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Microbial Genetics - Restriction Enzymes | 12th Microbiology : Chapter 12 : Microbial Genetics

Chapter: 12th Microbiology : Chapter 12 : Microbial Genetics

Restriction Enzymes

The site where the DNA is cut by a restriction enzyme is called recognition sequence.

Restriction Enzymes

In 1960s Swiss microbiologist Werner Arber and American microbiologists Hamilthon Othanel Smith and Daniel Nathans discovered restriction enzymes. The discovery, for which the three men shared the 1978 Nobel Prize for Physiology or Medicine. Restriction enzymes or restriction endonucleases are one of the most important groups of enzymes for the manipulation of DNA. It is one of the important molecular tools used by a genetic engineer. These are the bacterial enzymes that recognize a specific base sequence in a DNA molecule (from any source) and make two cuts one in each strand generating 3– OH and 5 – P termini. They were first discovered in E.coli. E.coli produces the restriction enzyme to cut the viral DNA and protect itself. The host E.coli DNA is protected by its own restriction enzyme since its methylated. Since these enzymes restrict the viral replication the word restriction is added to these enzymes. Hind II was the first discovered restriction endonuclease.

 The site where the DNA is cut by a restriction enzyme is called recognition sequence. Restriction endonucleases can specifically recognize DNA with a particular sequence of 4-8 nucleotides and cleave. Each recognition sequence has two fold rotational symmetry i.e. the same nucleotide sequence occurs on both strands of DNA which run in opposite direction. Such sequences are referred to as palindromes, since they read similar in both directions (forwards and backwards). Majority of restriction endonucleases (particularly type II) cut DNA at defined sites within recognition sequence. Type II restriction enzymes make two single – stand breaks) one break in each strand. There are two distinct arrangements of these breaks 1. both breaks at the center of symmetry (generating flush or blunt ends) or 2. breaks that are symmetrically placed around the line of symmetry generating cohesive ends. Figure  12.29 shows two types of cuts made by restriction enzymes. The arrow indicates the cleavage site.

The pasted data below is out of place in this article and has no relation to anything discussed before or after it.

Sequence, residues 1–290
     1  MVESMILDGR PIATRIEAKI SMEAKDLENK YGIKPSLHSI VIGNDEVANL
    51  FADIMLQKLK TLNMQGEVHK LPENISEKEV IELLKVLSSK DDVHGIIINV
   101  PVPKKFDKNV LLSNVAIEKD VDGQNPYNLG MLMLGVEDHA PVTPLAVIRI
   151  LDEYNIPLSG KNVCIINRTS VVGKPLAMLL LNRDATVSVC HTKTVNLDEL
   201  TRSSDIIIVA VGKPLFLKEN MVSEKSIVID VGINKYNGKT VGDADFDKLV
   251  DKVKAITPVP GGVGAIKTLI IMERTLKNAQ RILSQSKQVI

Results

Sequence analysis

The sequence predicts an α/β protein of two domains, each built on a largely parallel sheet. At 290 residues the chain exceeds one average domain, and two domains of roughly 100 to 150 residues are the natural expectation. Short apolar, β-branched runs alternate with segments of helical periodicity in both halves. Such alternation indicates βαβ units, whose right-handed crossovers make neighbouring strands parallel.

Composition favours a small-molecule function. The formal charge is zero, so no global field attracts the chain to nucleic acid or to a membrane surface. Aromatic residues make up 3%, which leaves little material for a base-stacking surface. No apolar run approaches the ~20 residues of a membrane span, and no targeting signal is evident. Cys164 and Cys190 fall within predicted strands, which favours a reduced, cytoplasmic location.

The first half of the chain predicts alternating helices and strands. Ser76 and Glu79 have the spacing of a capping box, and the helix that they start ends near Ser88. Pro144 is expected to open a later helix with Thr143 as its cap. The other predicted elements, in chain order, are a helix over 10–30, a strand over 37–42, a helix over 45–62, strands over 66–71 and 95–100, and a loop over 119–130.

The dashed line is the center of symmetry of the sequence (Table 12.2).

Table 12.2: Types and features of restriction enzyme


Application of Recombinant DNA Technology

a. Production of medically useful proteins such as somato stain, insulin, human growth hormone and interferon. It decreases the dependency on human tissues and solves problem of limited production

b. Development of synthetic vaccines for instance, vaccines for malaria and rabies a recombinant hepatitis vaccine is already commercially available.

c. Gene therapy

d. Diagnosis of infection diseases.

e. To manufacture industrially important products like enzymes using bacteria, fungi and cultured mammalian cells

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